Check It Out

TONIGHT (and beyond)!

We’re sending you this email because we…thought you would be interested in Project&’s new initiative, Working in America.

One part photography exhibition, one part radio series, and one part public forum, Working in America chronicles the everyday challenges, triumphs and realities of working (and not working).

Working in America opens to the public tonight, Wednesday, September 14 at 6pm at the Harold Washington Library in Chicago–and we hope you will join us.

The free event will begin with a panel discussion led by Alex Kotlowitz, the author of several books including There Are No Children Here. Confirmed panelists include:

Ai-Jen Poo, Executive Director, Domestic Workers Alliance & MacArthur Fellow

Lynsey Addario, Pulitzer Prize-winning MacArthur Fellow, Project& Fellow, & Working in America photographer

Lucia McBath, individual featured in the exhibit, Mother, Gun Policy Advocate & Activist

Roque Sanchez, individual featured in the exhibit, Custodial Worker & Student

Jeffrey McGee, individual featured in the exhibit ,Facilities Manager & formerly incarcerated Drug Dealer.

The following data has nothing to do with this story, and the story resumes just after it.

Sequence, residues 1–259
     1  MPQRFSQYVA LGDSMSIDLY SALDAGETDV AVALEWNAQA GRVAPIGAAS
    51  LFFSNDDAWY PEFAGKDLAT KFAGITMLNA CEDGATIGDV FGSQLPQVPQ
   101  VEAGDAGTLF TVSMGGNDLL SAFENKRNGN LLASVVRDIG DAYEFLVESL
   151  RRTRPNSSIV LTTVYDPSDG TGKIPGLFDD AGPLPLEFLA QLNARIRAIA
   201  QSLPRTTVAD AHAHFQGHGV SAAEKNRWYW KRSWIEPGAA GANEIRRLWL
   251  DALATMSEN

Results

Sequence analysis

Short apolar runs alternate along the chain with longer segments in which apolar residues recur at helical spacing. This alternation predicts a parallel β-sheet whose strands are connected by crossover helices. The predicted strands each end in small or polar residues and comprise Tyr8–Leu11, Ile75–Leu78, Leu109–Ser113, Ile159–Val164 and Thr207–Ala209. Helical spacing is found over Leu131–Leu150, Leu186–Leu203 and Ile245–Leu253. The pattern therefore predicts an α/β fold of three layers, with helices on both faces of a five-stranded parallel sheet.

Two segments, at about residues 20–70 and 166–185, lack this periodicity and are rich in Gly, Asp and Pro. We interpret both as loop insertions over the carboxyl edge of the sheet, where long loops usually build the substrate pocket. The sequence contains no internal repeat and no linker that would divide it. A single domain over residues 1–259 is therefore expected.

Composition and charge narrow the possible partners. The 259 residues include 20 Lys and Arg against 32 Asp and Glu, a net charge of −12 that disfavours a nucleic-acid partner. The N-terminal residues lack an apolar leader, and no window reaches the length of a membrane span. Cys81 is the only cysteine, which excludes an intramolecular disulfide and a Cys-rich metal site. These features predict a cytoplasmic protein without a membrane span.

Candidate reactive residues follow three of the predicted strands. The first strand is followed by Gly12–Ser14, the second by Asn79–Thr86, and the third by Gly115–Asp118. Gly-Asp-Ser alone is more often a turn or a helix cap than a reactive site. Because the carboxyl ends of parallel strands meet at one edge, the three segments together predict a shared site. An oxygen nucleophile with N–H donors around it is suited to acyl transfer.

Gary Bryner, individual featured in the exhibit, Retired General Motors Worker & Union Member, and subject in Studs Terkel’s book, Working.

Guests will then be invited to view the exhibit, which features the photography of Lynsey Addario, a Pulitzer Prize-winning photographer and MacArthur Fellow. The exhibit was designed by Jeanne Gang, also a MacArthur Fellow and Architectural Review’s 2016 Architect of the Year, and curated by Jane M. Saks, the president and artistic director of Project&.

While viewing the exhibit, guests will be invited to share their own “Working Stories,” which will then be featured on our public archive at Working.org. To see a preview of submissions, please visit us on Instagram at @WorkinginAmerica.

Working in America is ultimately inspired by, celebrates, and brings forward the tradition of Studs Terkel and his influential book, Working: People Talk About What They Do All Day and How They Feel About What They Do (1974).